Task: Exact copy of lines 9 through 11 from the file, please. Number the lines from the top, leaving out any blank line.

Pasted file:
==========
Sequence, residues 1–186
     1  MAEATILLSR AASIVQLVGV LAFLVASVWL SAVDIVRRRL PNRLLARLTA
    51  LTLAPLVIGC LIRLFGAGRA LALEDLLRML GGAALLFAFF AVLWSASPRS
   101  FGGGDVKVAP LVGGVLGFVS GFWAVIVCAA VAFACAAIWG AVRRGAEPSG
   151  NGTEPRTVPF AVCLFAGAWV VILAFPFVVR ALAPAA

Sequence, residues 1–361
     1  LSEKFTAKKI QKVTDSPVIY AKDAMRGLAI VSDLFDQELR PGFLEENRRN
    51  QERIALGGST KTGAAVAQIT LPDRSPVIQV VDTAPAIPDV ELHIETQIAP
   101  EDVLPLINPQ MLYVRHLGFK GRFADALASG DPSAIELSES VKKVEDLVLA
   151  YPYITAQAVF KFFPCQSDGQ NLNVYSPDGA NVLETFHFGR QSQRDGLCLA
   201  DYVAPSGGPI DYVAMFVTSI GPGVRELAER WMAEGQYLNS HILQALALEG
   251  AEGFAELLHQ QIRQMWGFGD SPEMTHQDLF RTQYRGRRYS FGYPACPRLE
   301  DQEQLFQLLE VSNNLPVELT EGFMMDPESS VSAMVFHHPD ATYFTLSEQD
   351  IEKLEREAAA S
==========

   101  EDVLPLINPQ MLYVRHLGFK GRFADALASG DPSAIELSES VKKVEDLVLA
   151  YPYITAQAVF KFFPCQSDGQ NLNVYSPDGA NVLETFHFGR QSQRDGLCLA
   201  DYVAPSGGPI DYVAMFVTSI GPGVRELAER WMAEGQYLNS HILQALALEG